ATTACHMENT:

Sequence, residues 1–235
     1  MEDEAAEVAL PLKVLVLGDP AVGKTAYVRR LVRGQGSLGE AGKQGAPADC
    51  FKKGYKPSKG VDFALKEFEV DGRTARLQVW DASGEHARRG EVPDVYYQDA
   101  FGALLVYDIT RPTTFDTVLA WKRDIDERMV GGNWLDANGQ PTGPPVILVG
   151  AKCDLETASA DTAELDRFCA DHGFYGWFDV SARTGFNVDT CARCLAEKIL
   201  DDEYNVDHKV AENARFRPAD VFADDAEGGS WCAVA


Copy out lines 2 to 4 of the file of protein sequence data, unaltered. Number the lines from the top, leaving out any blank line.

     1  MEDEAAEVAL PLKVLVLGDP AVGKTAYVRR LVRGQGSLGE AGKQGAPADC
    51  FKKGYKPSKG VDFALKEFEV DGRTARLQVW DASGEHARRG EVPDVYYQDA
   101  FGALLVYDIT RPTTFDTVLA WKRDIDERMV GGNWLDANGQ PTGPPVILVG